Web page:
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For WVU players, an unforgettable experience

IT WAS EARLY Thursday morning, around 1:30 a.m., deep in the bowels of Sun Life Stadium in Miami Gardens, Fla.

WVU football favorite Bruce Irvin had not grasped what his team had just accomplished. It had defeated Atlantic Coast Conference champion Clemson by a whopping 70-33 score. The Mountaineers had put on a performance for the ages. Seventy points had never been put onto a scoreboard in a bowl game in college football history.

"Not by Ohio State?" asked Irvin incredulously.

He was told no.

"Oregon?"

Again, no.

Irvin beamed.

"Damn," he said. "Damn. Damn! I'm speechless. I can't believe we put up 70 points myself."

He restarted.

"I'm so glad I got to be a part of it. We brought it home for the great state of West Virginia. Those people are always behind us, no matter the situation, no matter the team we're playing. We got it done for them."

When the Discover Orange Bowl was completed, however, one couldn't help but be happy for the players in the WVU locker room.

There was Irvin, the flashy defensive end. His smile lit up the room.

"It's the best feeling in the world, especially since people doubted us," Irvin said, chip still firmly planted on his shoulder. "We got it done. We kept playing and fighting and the defense stepped up big."

Off to his side was his less flashy - but nonetheless effective - running mate at end, Julian Miller, who had been the NCAA's active career sack leader. He entered WVU as a promising, yet skinny, freshman. Now his college career is over. He went out in a blaze of glory.

"This means so much," Miller said. "Being here for five years and playing West Virginia football has been amazing. I never would have imagined the type of career I've had.

"I knew I wanted to play ball here. I knew I wanted to be great. But I didn't know I'd be this good and be able to help lead this team - which really didn't have an identity coming into the season - to an Orange Bowl championship.

"This is what you prepare for in the summers, springs, winters. It's this moment right here. The thing that Coach [Bill Kirelawich] had me and Josh Taylor tell the younger guys on the defensive line is we'd never been in a BCS game. There's a certain feeling in the atmosphere after you've won a BCS game. It's something that will give motivation down the road to have this feeling again.

"Just being at one [BCS game] as a redshirt freshman - and not playing - was great. To have this as a feeling this year? Knowing I helped out? It just feels amazing."

He made a prediction.

"I think looking further down the road, if we wind up staying in the Big East a couple more years or move to the Big 12, it just looks up from here," Miller said. "West Virginia football, after this win, is more on the map than ever before."

Back against the other locker room wall, and at the other end of the spectrum, was one of WVU's freshmen, Andrew Buie.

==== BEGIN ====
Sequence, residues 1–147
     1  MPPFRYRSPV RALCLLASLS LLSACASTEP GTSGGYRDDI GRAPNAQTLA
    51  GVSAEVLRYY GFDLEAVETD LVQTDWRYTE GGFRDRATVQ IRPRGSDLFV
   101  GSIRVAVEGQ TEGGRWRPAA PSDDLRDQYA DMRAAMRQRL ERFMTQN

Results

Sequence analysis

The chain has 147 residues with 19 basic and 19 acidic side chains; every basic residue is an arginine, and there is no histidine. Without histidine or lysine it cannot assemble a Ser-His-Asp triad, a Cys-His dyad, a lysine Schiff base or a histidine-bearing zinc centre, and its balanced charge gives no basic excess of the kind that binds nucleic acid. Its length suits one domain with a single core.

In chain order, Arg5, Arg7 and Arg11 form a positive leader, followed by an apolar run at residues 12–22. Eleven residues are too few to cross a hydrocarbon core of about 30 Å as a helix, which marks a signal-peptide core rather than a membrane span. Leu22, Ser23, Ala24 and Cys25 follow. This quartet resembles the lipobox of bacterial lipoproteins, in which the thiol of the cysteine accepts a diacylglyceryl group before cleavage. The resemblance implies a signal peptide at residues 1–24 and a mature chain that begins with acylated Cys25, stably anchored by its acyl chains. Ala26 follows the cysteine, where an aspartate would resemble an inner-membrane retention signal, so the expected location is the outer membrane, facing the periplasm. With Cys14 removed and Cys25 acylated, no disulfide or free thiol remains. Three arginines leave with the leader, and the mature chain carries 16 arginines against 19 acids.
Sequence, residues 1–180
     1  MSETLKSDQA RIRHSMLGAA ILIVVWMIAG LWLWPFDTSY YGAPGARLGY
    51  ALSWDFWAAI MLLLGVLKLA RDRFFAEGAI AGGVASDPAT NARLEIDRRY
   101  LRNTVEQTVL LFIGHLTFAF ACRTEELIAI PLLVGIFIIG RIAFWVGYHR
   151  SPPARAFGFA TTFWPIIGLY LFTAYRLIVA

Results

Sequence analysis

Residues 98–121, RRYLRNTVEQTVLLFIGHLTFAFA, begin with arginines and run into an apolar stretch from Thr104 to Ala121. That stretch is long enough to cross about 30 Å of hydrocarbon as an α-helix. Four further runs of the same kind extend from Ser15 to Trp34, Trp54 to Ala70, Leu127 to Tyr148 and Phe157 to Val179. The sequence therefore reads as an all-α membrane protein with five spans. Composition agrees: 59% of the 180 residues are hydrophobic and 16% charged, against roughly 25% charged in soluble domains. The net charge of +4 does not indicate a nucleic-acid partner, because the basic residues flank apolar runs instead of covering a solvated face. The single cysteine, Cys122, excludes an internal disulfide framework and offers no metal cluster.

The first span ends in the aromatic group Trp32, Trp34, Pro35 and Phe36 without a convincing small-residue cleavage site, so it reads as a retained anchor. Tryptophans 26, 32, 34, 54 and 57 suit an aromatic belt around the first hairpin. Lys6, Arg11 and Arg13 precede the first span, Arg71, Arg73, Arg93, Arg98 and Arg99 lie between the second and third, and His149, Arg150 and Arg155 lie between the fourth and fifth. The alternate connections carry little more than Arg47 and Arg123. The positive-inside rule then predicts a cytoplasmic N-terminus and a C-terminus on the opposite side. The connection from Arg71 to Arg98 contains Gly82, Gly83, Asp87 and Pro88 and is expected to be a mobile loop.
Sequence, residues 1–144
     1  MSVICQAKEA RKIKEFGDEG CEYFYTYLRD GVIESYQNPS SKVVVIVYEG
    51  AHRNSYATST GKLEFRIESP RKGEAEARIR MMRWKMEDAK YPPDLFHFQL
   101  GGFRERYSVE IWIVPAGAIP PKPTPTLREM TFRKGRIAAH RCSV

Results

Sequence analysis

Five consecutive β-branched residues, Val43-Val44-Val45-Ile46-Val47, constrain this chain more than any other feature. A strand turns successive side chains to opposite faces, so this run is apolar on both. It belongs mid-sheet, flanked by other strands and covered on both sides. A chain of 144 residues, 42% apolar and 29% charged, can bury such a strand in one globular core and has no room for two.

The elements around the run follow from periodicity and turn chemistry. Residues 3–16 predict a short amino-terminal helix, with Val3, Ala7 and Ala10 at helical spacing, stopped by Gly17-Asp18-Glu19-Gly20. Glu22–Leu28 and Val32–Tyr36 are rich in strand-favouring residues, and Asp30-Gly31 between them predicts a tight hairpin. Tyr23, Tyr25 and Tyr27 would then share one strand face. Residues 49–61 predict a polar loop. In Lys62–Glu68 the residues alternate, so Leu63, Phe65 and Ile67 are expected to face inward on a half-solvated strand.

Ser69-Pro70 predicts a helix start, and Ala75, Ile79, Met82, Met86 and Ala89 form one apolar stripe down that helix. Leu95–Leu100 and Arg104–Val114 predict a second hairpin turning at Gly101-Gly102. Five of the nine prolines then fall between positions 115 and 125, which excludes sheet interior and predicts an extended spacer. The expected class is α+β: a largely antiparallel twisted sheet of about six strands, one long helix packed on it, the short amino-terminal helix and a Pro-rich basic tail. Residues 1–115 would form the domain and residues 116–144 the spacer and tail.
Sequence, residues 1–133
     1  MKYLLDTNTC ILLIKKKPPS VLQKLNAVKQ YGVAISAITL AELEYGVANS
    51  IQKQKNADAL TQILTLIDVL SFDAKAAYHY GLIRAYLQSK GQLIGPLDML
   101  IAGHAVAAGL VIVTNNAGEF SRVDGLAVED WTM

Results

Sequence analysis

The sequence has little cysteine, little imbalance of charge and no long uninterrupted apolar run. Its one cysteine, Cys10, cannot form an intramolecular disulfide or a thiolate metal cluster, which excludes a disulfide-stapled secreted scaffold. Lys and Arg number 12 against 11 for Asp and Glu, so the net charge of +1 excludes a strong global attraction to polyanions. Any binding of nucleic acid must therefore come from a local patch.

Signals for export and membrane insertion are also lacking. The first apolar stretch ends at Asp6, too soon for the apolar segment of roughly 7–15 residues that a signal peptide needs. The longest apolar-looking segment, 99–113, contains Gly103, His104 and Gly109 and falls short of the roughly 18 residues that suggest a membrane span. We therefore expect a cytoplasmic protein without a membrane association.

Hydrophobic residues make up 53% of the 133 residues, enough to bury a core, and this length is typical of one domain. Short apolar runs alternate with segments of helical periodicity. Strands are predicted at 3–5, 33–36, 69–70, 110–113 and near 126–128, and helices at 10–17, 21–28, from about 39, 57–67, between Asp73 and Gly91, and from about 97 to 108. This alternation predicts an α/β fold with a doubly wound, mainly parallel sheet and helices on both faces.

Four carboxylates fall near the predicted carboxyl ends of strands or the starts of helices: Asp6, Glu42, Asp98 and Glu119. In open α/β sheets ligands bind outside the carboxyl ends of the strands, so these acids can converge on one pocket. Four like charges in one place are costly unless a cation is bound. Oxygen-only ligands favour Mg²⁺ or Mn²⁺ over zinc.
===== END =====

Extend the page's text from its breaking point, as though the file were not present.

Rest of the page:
"It gives us momentum heading into the future," Buie smiled. "We'll be better prepared."

Buie made one of the game's many spectacular plays when he caught a first-quarter pass, was seemingly tackled by Clemson safety Rashard Hall, but rolled over the defender, without being downed, and continued down the right sideline. ("I caught it, felt the defender. Felt like I was going down to the ground," Buie said. "His body ended up being in front of me. The whistle never blew, so I got up and continued the play. I watched [Auburn's] Michael Dyer make a similar type play in the national championship last year.")

Buie was a spark within that WVU collection of players.

"We played within the coaches' system," Buie said. "We did what the coaches told us. We figured if we did that, we'd be pretty much an unbeatable team."

Then there was Tyler Rader, the state product who persevered, the pride of Cross Lanes, a 6-foot-3 redshirt senior offensive lineman, who helped WVU to a 10-3 final record and that Orange Bowl win.

"It's been five years," Rader said. "Different positions. A couple injuries. A few coaches. But this makes it all worthwhile. All the blood, sweat and tears ... this moment is just amazing.

"Coach [Dana] Holgorsen said we had to play four quarters. I guess you can say during the fourth quarter we were a little lackadaisical. But those first three quarters were just balls-to-the-wall amazing."

Rader dished credit to his coaches, including offensive line coach Bill Bedenbaugh.

"Coach Bedenbaugh, all through bowl camp, stressed fundamentals to us," Rader said. "Hands inside, low pads ... And Coach Holgorsen had a great game plan. The huddle thing, getting them off-guard, worked perfectly. We had wider splits. That really helped get running lanes. The whole plan we had just came together."

Just like the players in that locker room. The different players. The young ones and the veterans. The flashy ones and the ones that had to show up a little early to get an edge.

Yet the Nitro High product pointed to Holgorsen again.

"He gave me a chance when most weren't," Rader said. "I appreciate that. I did the most with it. As a coach, he's a genius. He's one of the best minds offensively in college football, if not the pros. The stuff he brings is just amazing. The things I've learned from him and his coaching staff, how to dissect defenses and stuff, is just amazing.

"Seventy points in the Orange Bowl against the 15th-ranked team. That speaks for itself."

As did the performance of the players Wednesday night in South Florida.

Reach Mitch Vingle at 304-348-4827, mitchvingle@wvgazette.com or follow him at twitter.com/MitchVingle.


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